For the second research aim, it is clear that a multitude of factors (self-efficacy, environmental perceptions, goal valuation, and self-regulation) are related to task engagement and achievement. Although the perceived interplay of factors that lead to (under)achievement is different for each respondent, there are similarities that are present across the six respondents as well as within the distinct groups of well-performing versus underperforming students. Next, we detail the inhibiting and facilitating factors for academic (under)achievement according to the intellectually gifted students in our sample. Afterward we will discuss two cases to show in detail the interplay between the different components.


There was a clear difference in the monitoring of delayed satisfaction between well-performing intellectually gifted respondents and the under-performing gifted respondents. All high-performing cognitively students indicate that they would choose to first complete less enjoyable tasks, after which they would engage in the tasks they would like to do: “It’s stupid to finish my homework with tasks that I don’t like much. Then you actually end your work with a negative feeling, because you didn’t like it. But suppose you finish with a nice task, then you will find that completing those tasks is not a waste of time” (Liam, GP).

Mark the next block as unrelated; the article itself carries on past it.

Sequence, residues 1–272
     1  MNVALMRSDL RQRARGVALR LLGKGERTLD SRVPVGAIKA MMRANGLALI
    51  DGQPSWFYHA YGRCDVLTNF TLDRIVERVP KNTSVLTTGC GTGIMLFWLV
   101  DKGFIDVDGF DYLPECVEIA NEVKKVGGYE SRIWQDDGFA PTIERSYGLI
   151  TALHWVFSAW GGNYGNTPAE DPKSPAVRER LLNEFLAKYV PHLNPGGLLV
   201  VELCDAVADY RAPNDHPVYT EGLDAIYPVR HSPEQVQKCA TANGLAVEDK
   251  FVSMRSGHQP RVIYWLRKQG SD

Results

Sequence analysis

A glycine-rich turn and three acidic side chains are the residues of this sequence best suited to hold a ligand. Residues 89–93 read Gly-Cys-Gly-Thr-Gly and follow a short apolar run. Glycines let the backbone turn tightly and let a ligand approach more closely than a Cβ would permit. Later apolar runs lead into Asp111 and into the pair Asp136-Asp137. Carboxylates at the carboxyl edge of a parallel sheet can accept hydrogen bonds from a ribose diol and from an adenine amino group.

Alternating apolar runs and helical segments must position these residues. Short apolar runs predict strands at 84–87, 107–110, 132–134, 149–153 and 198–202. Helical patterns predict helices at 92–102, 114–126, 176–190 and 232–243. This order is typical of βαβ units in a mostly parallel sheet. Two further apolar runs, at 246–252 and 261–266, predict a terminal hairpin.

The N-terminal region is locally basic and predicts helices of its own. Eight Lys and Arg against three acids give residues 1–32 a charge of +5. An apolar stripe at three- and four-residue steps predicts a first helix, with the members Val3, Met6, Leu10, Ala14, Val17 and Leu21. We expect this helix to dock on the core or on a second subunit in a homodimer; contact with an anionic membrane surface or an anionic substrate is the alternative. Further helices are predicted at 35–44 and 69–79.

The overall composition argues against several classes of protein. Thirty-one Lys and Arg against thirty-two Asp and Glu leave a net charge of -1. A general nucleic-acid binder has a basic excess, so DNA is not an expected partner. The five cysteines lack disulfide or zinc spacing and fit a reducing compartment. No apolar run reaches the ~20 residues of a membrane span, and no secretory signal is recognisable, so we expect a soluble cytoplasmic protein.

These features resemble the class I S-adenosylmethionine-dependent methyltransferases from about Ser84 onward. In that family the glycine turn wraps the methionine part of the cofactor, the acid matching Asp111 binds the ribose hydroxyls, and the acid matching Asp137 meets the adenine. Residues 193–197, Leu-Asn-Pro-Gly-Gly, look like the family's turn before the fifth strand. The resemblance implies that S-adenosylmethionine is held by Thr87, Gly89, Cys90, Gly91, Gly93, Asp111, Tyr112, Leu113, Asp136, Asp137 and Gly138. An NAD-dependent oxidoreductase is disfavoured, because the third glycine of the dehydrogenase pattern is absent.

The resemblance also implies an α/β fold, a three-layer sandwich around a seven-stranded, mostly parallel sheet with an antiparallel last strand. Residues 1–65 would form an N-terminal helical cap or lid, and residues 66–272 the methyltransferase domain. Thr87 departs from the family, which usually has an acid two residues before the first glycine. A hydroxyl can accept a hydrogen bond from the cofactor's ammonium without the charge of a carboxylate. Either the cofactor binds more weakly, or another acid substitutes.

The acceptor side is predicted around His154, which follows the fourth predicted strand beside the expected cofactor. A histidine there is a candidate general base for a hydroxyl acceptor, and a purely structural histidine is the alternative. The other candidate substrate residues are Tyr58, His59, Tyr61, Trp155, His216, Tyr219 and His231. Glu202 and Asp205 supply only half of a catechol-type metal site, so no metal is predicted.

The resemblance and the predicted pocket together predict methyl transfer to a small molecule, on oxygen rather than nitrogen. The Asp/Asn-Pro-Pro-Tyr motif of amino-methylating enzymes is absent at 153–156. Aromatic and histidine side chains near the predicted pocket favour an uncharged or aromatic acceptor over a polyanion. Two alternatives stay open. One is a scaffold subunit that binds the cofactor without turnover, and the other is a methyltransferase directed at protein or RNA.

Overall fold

All underperforming respondents opted for the option where they could first complete the fun tasks, only thereafter focusing on the tasks they did not like: “I’d rather do something fun than do something stupid. So I just try to postpone the stupid tasks.” (Sebastian, UP). Because they want to complete the fun tasks immediately, we can say that these respondents have difficulties with delayed task gratification. Therefore, a lack of self-regulation might be a hampering factor, and being able to postpone a more appealing task appears to be a facilitating factor, for achievement and task-engagement.

I’ve always had a harder time learning. I just can’t do it. I sometimes don’t know how to write something down. In the lower classes it all went smoothly and also at the beginning of the school year, but now the subject matter is more difficult. I didn’t study much in the past and now I just have to learn how to study something, and how to study well. (Sebastian, UP)

Sebastian’s example confirms the AOM’s assumption that a lack of study skills can lead to underachievement when the subject matter becomes more challenging (Siegle and McCoach, 2005). Lacking study skills can therefore be an inhibiting factor to achievement. Interesting in this aspect of self-regulation is the role that the school plays. All six participants indicate that the school tries to teach them SRL strategies. However, when the students’ experiences were probed about this offer, all six of the respondents were not interested in the school’s program concerning self-regulation strategies: “Yes ‘learning how to learn’ does exist in our school; this session is every Tuesday, one day a week. But that’s for slightly lesser smart, or average students.” (Nick, GP)